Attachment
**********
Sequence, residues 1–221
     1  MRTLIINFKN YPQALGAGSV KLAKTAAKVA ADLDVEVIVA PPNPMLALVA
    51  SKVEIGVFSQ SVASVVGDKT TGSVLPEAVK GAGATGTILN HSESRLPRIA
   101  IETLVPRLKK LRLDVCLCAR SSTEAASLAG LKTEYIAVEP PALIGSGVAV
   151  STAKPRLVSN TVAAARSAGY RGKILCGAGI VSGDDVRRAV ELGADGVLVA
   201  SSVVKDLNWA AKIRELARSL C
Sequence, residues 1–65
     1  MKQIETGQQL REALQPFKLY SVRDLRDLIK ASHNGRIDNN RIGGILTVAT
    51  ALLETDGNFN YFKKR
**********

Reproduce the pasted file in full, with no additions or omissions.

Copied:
Sequence, residues 1–221
     1  MRTLIINFKN YPQALGAGSV KLAKTAAKVA ADLDVEVIVA PPNPMLALVA
    51  SKVEIGVFSQ SVASVVGDKT TGSVLPEAVK GAGATGTILN HSESRLPRIA
   101  IETLVPRLKK LRLDVCLCAR SSTEAASLAG LKTEYIAVEP PALIGSGVAV
   151  STAKPRLVSN TVAAARSAGY RGKILCGAGI VSGDDVRRAV ELGADGVLVA
   201  SSVVKDLNWA AKIRELARSL C
Sequence, residues 1–65
     1  MKQIETGQQL REALQPFKLY SVRDLRDLIK ASHNGRIDNN RIGGILTVAT
    51  ALLETDGNFN YFKKR